Seedlings in eggshells from the Fox in the Pine.
I have seen this wonderful idea so many times but have never followed through with it. I think this is the spring for it. My daughter loves cracking eggs and planting seeds, so this sounds like the perfect morning craft for us. I also love the tray that she bought from Anthropologie (not sure it is available anymore), but here is a great one from Fish’s Eddy. We hard boil eggs for easy breakfasts and brunches and this would be a great addition to our kitchen collection and for holding the seedling shells.
This lovely spring craft project, the Egg Carton Vase, is from Family Chic. I recently read this article about Camilla on Momfilter and really like her simple crafting + decorating ideas, mostly reusing household items. This would be such a great arrangement for the kids to make for the dinner table and especially at Easter!!
The past week our family has been savoring the first days of spring soaking up all of the changes in our neighborhood and the woods behind our house as new life sprouts and takes shape. Many of these photos were taken hiking through the woods in our backyard, a place that is so dear to us, and is a source of abundant inspiration and learning. Some of our favorite early spring bloomers are the redbud trees, paw paw trees (that produce a fruit that tastes like a blend of mango and banana) wild ginger, and celadine poppy, which all are native to our region. I like planting native trees and plants because they are naturally supposed to be growing in our region which makes them very easy to maintain once they are established. A favorite source for learning about native plants in Missouri and Kansas is Grow Native . Another great source for finding native plants in all regions is Plant Native.
The weekend was also filled finishing up final touches on our garden fence and starting a spring garden of bok choy, a variety of lettuces, sugar snap peas, regular peas, spinach, and potatoes and checking in on the blackberry and blueberry plants that were planted last year in the hopes of picking at least a handful of fruit this summer.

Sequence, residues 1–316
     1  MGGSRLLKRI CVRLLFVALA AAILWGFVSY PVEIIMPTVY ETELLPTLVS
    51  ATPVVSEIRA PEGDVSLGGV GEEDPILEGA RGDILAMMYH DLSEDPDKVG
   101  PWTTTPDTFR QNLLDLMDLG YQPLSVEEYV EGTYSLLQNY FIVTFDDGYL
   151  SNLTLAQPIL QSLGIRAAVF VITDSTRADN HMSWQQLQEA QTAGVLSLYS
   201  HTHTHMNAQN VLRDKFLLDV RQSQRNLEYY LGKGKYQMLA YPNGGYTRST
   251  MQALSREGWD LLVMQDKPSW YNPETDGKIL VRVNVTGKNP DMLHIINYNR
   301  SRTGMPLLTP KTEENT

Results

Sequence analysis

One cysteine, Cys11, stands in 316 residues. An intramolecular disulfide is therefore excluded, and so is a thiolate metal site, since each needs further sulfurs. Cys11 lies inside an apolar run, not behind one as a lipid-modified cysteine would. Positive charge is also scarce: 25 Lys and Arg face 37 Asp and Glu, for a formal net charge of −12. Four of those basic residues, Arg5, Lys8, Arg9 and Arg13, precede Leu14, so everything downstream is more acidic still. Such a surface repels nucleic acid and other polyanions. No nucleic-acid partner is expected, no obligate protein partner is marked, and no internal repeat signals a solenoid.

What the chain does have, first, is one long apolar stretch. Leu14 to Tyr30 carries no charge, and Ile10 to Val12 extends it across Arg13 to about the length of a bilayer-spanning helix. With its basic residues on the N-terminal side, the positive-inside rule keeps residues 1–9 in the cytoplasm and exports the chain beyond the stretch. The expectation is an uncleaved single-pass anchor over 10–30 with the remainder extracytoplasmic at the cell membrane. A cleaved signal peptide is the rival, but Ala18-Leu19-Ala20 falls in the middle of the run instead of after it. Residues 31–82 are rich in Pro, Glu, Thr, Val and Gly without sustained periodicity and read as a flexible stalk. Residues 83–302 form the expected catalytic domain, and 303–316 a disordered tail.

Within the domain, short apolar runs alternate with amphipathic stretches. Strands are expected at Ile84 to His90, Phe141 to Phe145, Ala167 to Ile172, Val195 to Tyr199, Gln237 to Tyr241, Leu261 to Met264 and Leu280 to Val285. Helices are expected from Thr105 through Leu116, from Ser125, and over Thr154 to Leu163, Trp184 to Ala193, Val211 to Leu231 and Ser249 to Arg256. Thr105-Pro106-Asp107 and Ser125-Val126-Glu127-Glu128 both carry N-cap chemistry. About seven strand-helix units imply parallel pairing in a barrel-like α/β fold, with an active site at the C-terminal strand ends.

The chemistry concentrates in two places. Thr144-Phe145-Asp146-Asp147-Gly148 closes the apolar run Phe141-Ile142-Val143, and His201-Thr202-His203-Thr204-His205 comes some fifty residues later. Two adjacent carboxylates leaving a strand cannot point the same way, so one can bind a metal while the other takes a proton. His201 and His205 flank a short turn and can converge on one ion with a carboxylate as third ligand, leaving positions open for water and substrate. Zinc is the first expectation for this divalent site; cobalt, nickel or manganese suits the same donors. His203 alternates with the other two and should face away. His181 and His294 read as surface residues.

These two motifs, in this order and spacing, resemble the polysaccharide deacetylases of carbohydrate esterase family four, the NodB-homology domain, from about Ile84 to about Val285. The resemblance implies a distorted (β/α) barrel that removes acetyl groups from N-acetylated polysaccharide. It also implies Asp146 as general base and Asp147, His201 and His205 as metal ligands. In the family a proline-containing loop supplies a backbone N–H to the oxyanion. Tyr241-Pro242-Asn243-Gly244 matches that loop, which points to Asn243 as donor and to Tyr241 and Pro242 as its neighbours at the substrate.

It is so rewarding for me to grow my own food and know exactly where it is coming from and to watch my children happily pick, prepare, and eat what they have grown and cared for. It makes all of the hard work of gardening seem so worth it! It is certainly not too late to start your spring garden and I would love to hear about your family’s garden adventures too.
Happy first day of spring! Microgreens are usually what we grow in our windowsill in the winter to get some fresh green goodness, but they can certainly be grown any time of the year. I wanted to share them with you because they are such a simple way to introduce children to growing food since the sprouts appear in a few days and they can be harvested in 10 days. Typically they are used as a garnish, but I have found them to be a perfect introduction to leafy greens for children. The options are endless. Sprinkle them on vegetables, salads, sandwiches, eggs, or smoothies.
Directions for growing your microgreens
1. Use a large serving platter or container at least a couple of inches deep. I use two platters that are around 15”x15” and use one for a mild seed blend and the other for a spicy seed blend.
2. Fill container with organic soil. Sprinkle the seeds evenly over the soil trying not to layer them and cover lightly with more soil.
3. Water lightly every day and they are ready in about 10-14 days. To harvest simply cut off the tops of the green leaves with a kitchen scissors.
simple! simple! Now sprinkle them on your food to add an extra boost of nutrients.
If you harvest the microgreens around 10-14 days be sure and use a fork and rake out the roots to get the soil ready for the next round of seeds. Using a container with drainage holes is certainly fine too, but I have been planting ours in trays with no drainage holes and they have been fine as long as you remove roots before reseeding.
The seed mixes I use are from Growing Microgreens and I usually get the mild mix which includes Broccoli, Kale, Kohlrabi, Arugula, Red Acre Cabbage & Cauliflower and the spicy mix with the same seeds + mustard seeds for additional spice. They last for many, many rounds of microgreens.
Enjoy! – Julie